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H1N1 death projections: doing the math

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posted on Aug, 25 2009 @ 02:10 PM
A report from Time Magazine:

A new headline-grabbing report from the White House claims that swine flu could plausibly infect up to 50% of Americans, causing flu symptoms among some 60 to 120 million of them, and leading to as many as 1.8 million hospitalizations and 30,000 -90,000 deaths.

Where, exactly, do numbers like these come from? The new report was put together by the President's Council of Advisors on Science and Technology. It turns out the predictions are based on just a couple key facts:

The virus seems to be transmitted from person to person at the same rate as in previous flu pandemics — a rate that's much higher than that of the regular seasonal flu. Rapid transmission suggests that the total number of infections could be very high.

The death rate for people who catch H1N1 seems about the same as that for seasonal flu. The White House advisors estimate that, so far, between 1 in 1,000 and 3 in 1,000 people who have needed medical help then end up dying. Assuming that this normal death rate continues during flu season, the total number of deaths is projected to be much higher than normal because of the higher number of infections.

And that's basically it. The Council's report notes prominently and often that, even though the up-to-50%-infected scenario is plausible, it is by no means certain. That's because both of the basic facts above — the infection rate and the case fatality rate — are still a little fuzzy. They're hard to measure in the first place, and it's not totally clear whether they'll change as the pandemic progresses.

So why all the fuss if the estimates are still murky? As Homeland Security head Janet Napolitano put it yesterday in a statement: "It is not possible to predict how the 2009-H1N1 influenza virus or the upcoming influenza season will play out, but it is best that we plan and prepare for a resurgence of H1N1 flu." Things may not develop the way the White House advisors suggest, in other words, but given available evidence it's still a fine idea to brace ourselves.

There's one other very good reason that this year's flu pandemic has experts unnerved. Seasonal flu typically kills only the elderly, with 90% of victims 65 and older, according to the new White House report. (That's one of the reasons we don't consider seasonal flu a very serious disease, even though it kills thousands of Americans very year; the public just doesn't get too upset over a 92-year-old passing quietly in the night.)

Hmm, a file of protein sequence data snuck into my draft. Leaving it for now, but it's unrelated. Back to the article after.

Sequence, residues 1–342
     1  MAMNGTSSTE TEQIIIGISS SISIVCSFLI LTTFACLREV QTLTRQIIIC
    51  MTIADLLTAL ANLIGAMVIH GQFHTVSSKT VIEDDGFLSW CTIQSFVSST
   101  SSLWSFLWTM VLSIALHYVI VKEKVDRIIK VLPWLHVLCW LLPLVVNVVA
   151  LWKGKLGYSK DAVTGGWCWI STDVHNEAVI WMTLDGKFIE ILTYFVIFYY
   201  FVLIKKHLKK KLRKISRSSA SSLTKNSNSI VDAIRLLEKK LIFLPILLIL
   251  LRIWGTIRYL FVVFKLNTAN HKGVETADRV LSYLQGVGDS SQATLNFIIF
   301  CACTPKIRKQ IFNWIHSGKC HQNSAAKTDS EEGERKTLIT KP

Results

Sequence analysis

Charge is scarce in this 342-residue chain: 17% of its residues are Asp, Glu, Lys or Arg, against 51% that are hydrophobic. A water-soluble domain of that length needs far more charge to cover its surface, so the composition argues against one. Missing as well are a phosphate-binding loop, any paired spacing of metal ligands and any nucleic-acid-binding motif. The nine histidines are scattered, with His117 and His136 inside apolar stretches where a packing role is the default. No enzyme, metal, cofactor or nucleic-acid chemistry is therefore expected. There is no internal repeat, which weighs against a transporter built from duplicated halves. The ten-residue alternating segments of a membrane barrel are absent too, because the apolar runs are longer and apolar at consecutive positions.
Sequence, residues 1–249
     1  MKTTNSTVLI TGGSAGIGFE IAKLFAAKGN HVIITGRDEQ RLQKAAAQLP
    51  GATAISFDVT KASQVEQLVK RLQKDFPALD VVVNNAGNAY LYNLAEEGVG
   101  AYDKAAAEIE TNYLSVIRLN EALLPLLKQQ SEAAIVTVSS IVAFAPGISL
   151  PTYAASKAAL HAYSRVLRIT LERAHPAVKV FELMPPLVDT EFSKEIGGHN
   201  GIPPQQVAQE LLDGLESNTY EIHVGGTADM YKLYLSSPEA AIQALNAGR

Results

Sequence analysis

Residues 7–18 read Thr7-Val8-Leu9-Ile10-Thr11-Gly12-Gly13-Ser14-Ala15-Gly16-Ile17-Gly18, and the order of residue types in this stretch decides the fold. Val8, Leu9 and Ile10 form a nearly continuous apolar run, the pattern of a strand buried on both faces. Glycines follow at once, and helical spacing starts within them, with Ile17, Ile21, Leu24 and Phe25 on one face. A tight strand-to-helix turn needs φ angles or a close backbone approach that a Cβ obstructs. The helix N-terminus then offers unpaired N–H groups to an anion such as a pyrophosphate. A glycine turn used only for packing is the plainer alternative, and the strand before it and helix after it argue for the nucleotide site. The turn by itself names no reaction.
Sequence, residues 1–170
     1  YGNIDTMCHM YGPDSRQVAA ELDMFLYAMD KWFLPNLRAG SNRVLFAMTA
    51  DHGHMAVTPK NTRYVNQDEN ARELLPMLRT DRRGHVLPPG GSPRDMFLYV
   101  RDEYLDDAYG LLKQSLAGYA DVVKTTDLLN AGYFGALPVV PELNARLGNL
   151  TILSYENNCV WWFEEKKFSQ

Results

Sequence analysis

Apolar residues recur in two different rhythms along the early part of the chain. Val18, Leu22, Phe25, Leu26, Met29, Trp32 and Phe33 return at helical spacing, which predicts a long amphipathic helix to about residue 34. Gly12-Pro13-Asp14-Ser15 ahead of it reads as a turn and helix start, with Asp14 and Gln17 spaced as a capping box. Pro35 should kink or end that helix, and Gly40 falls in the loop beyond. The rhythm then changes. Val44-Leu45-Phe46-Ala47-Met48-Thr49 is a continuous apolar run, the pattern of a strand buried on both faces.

But the pandemic flu has hit young people and working-age adults unusually hard, just as the deadly 1918 flu did. So far 83% of U.S. deaths and 71% of hospitalizations have occurred among people aged 5 to 64. That means that every death is responsible for more years of life lost.

Well then I guess with all of this information it is a little difficult to figure out just how worried we should be about this thing come Flu Season. 83% affecting a demographic that usually is dominated by seniors.

This could be bad, or it could be nothing.

How reliable are the numbers ATS?


posted on Aug, 25 2009 @ 02:53 PM
Well, I think it's completely unrealistic to expect anywhere near 50% infection. You could take a look at how developed countries in the southern hemisphere have handled the winter. I just started this thread:
NZ Reduces Swine Flu Alert After Cases Drop

For quite a while now, people have not been getting tested to confirm H1N1 (unless there are complications such as a pre-existing respitory illness), as the majority of cases have been relatively mild. This means that the reported "confirmed" cases are far, far less than the actual illness rates.

Using recent figures, the mortality rate was around 0.46%. In reality the rate would be far lower than this, as the majority of cases are not reported. Most of the deaths, which total 16 so far, have had underlying medical problems. This does not mean that these deaths aren't tragic, as some might think I'm implying. My heart goes out to those who have lost their loved ones. But the reality is, this flu isn't actually that bad compared to other illnesses. Unless of course it mutates into something more dangerous, but it hasn't happened yet. And here in NZ, the amount of cases seems to be on the decrease now, without any major issues.

But that won't stop further scare articles coming out for the winter "flu season" for you guys in the Northern Hemisphere. I'm sure there will be plenty more of those. But I guess there's no harm in knowing the potential effects of H1N1, just don't put too much trust into the really scary ones


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